We see the same as before, in that both 2 and 1.5 are clearly identifiable as being an outlier in
mixedness, while 1 is not since the next-highest value is .45.
Large scale simulation with the above methods could be used to establish distributions to generate
confidence intervals from.
It should be noted that the improvement in proportion of variance is not independent of number of
cases (more cases means that a single case is less import, and non-linearly so), so the value cannot
simply be used to compare across cases without correcting for this problem. Correcting it is however
beyond the scope of this article.
Comparison of methods
The results from both methods should have some positive relationship. The scatter plot is shown in
Figure 9: Histogram of differences in proportion of variance to the
We see that the true mixedness case is a strong outlier with both methods -- which is good because it
really is a strong outlier. The correlation is strongly inflated because of this, to r=.70 with, but only .26
without. The relative lack of a positive relationship without the true outlier in mixedness is perhaps due
to range restriction in mixedness in the dataset, which is true because the only amount of mixedness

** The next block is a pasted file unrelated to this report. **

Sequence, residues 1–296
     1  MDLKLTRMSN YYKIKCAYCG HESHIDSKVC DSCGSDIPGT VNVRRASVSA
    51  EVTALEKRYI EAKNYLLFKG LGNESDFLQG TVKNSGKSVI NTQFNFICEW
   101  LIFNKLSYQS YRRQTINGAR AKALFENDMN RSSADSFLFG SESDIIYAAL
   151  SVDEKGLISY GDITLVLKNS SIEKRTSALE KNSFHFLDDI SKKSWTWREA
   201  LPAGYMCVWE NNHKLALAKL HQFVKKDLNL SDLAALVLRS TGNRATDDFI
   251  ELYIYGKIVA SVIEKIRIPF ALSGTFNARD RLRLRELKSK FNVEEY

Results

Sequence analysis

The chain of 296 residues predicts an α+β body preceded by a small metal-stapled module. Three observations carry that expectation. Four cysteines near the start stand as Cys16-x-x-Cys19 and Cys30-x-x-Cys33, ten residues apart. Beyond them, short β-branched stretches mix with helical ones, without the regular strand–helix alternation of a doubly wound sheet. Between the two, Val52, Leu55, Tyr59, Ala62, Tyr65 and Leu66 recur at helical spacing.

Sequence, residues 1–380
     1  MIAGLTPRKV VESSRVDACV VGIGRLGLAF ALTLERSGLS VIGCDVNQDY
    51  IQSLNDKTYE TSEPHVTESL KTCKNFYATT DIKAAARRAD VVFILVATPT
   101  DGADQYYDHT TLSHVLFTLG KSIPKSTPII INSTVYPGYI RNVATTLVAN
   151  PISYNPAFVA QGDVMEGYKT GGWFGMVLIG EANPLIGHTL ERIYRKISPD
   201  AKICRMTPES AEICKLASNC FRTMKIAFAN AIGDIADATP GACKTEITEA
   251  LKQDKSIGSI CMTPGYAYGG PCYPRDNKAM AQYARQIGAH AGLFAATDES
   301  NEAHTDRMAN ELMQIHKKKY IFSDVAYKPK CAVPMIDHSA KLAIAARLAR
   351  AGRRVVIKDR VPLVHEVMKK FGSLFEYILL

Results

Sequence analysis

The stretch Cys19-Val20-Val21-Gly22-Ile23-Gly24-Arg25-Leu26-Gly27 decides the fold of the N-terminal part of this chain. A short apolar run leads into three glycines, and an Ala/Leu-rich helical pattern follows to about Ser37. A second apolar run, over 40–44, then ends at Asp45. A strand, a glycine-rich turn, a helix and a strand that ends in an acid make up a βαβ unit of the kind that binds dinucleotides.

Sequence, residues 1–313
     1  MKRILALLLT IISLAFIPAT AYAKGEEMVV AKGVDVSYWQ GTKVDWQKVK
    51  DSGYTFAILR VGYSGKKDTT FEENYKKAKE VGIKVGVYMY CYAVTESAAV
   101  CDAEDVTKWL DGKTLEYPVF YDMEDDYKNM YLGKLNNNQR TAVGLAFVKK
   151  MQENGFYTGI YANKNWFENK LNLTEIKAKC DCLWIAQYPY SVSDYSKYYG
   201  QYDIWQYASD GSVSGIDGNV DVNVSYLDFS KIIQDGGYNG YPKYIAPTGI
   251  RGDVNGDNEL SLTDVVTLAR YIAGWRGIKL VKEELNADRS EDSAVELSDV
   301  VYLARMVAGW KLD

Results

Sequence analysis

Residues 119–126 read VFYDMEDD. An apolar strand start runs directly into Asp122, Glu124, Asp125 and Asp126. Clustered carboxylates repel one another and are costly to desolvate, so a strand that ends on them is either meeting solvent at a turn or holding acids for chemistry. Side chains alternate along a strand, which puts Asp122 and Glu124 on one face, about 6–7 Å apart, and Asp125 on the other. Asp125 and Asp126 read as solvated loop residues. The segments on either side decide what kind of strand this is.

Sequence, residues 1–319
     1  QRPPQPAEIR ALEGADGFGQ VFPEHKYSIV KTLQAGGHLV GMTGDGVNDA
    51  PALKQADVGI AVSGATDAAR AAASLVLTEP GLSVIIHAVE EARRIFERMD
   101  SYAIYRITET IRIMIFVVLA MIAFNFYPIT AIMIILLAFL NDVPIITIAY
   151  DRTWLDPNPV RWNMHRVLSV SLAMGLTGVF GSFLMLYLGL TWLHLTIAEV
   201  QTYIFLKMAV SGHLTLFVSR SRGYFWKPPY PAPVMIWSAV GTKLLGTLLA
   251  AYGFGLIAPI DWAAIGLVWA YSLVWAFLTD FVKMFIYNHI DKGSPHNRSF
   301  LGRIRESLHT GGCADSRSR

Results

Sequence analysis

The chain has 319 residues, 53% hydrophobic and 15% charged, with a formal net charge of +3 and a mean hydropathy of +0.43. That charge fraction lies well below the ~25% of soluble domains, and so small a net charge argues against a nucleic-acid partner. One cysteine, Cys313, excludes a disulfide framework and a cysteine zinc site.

besides case 50 is due to measurement error. Whatever the exact interpretation, I suspect it doesn't
matter since the goal is to find the true outliers in mixedness, not to agree on the relative ranks of the
cases with relatively little mixedness.1
I have implemented both above methods in R. They can be found in my unofficial psych2 collection of
useful functions located here.
Source code and figures are available at the Open Science Framework repository.
Jensen, A. R., & Weng, L.-J. (1994). What is a good g? Intelligence, 18(3), 231–258.
Kirkegaard, E. O. W. (2014a). The international general socioeconomic factor: Factor analyzing
international rankings. Open Differential Psychology. Retrieved from
Kirkegaard, E. O. W. (2014b). The personal Jensen coefficient does not predict grades beyond its
1 Concerning the agreement about rank-order, it is about .4 both with and without case 50. But this is based on a single
simulation and I've seen some different values when re-running it. A large scale simulation is necessary.
Figure 10: Scatter plot of method 1 and 2
association with g. Open Differential Psychology. Retrieved from
Kirkegaard, E. O. W. (2015). Examining the S factor in US states. The Winnower. Retrieved from
Templ, M., Alfons, A., Kowarik, A., & Prantner, B. (2015, February 19). VIM: Visualization and
Imputation of Missing Values. CRAN. Retrieved from http://cran.r-